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ANALYSIS: By Alexander Gillespie, University of Waikato

We live, to borrow a phrase, in interesting times. The pandemic aside, relations between the superpowers are tense. The sudden arrival of the new AUKUS security agreement between Australia, the US and UK simply adds to the general sense of unease internationally.

The relationship between America and China had already deteriorated under the presidency of Donald Trump and has not improved under Joe Biden.

New satellite evidence suggests China might be building between 100 and 200 silos for a new generation of nuclear intercontinental missiles.

At the same time, the US relationship with North Korea continues to smoulder, with both North and South Korea conducting missile tests designed to intimidate.

And, of course, Biden has just presided over the foreign policy disaster of withdrawal from Afghanistan. His administration needs something new with a positive spin.

Enter AUKUS, more or less out of the blue. So far, it is just a statement launched by the member countries’ leaders. It has not yet been released as a formal treaty.

As The Conversation reports, the initiative coincides with the Morrison government deciding it is best for Australia to accelerate the production of a more capable, integrated, nuclear-powered submarine platform — at a vastly higher cost — with the US and the UK.

Australia’s previous A$90 billion deal with the French company DCNS to build up to 12 submarines has been canned.

The Indo-Pacific pivot
The new agreement speaks of “maritime democracies” and “ideals and shared commitment to the international rules-based order” with the objective to “deepen diplomatic, security and defence co-operation in the Indo-Pacific region”.

“Indo-Pacific region” is code for defence against China, with the partnership promising greater sharing and integration of defence technologies, cyber capabilities and “additional undersea capabilities”. Under the agreement, Australia also stands to gain nuclear-powered submarines.

To demonstrate the depth of the relationship, the agreement highlights how “for more than 70 years, Australia, the United Kingdom and the United States have worked together, along with other important allies and partners”.

At which point New Zealand could have expected a drum roll, too, having only just marked the 70th anniversary of the ANZUS agreement. That didn’t happen, and New Zealand was conspicuously absent from the choreographed announcement hosted by the White House.

Having remained committed to the Five Eyes security agreement and having put boots on the ground in Afghanistan for the duration, “NZ” appears to have been taken out of ANZUS and replaced with “UK”.

Don’t mention the nukes
The obvious first question is whether New Zealand was asked to join the new arrangement. While Prime Minister Jacinda Ardern has welcomed the new partnership, she has confirmed: “We weren’t approached, nor would I expect us to be.”

That is perhaps surprising. Despite problematic comments by New Zealand’s trade minister about Australia’s dealings with China, and the foreign minister’s statement that she “felt uncomfortable” with the expanding remit of the Five Eyes, reassurances by Ardern about New Zealand’s commitment should have calmed concerns.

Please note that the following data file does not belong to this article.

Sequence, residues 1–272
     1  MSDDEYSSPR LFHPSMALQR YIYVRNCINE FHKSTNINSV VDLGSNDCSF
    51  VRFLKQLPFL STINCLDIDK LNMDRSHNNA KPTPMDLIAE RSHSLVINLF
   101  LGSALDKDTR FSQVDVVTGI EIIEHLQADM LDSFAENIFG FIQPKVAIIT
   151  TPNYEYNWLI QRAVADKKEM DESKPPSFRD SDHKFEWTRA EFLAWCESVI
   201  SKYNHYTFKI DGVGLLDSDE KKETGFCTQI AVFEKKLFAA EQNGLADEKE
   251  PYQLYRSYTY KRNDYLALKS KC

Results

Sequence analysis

One has to assume, therefore, that even if New Zealand had been asked to join, it might have chosen to opt out anyway. There are three possible explanations for this:

The first involves the probable provision to Australia of nuclear-powered military submarines. Any mention of nuclear matters makes New Zealand nervous. But Australia has been at pains to reiterate its commitment to “leadership on global non-proliferation”.

Similar commitments or work-arounds could probably have been made for New Zealand within the AUKUS agreement, too, but that is now moot.

The dragon in the room
The second reason
New Zealand may have declined is because the new agreement is perceived as little more than an expensive purchasing agreement for the Australian navy, wrapped up as something else.

This may be partly true. But the rewards of the relationship as stated in the initial announcement go beyond submarines and look enticing. In particular, anything that offers cutting-edge technologies and enhances the interoperability of New Zealand’s defence force with its allies would not be lightly declined.

The third explanation could lie in an assumption that this is not a new security arrangement. Evidence for this can be seen in the fact that New Zealand is not the only ally missing from the new arrangement.

Canada, the other Five Eyes member, is also not at the party. Nor are France, Germany, India and Japan. If this really was a quantum shift in strategic alliances, the group would have been wider — and more formal than a new partnership announced at a press conference.

Nonetheless, the fact that New Zealand’s supposedly extra-special relationship with Britain, Australia and America hasn’t made it part of the in-crowd will raise eyebrows.

Especially while no one likes to mention the elephant – or should that be dragon? – in the room: New Zealand’s relationship with China.The Conversation

Dr Alexander Gillespie is professor of law at the University of Waikato. This article is republished from The Conversation under a Creative Commons licence. Read the original article.


This content originally appeared on Asia Pacific Report and was authored by APR editor.

Citations

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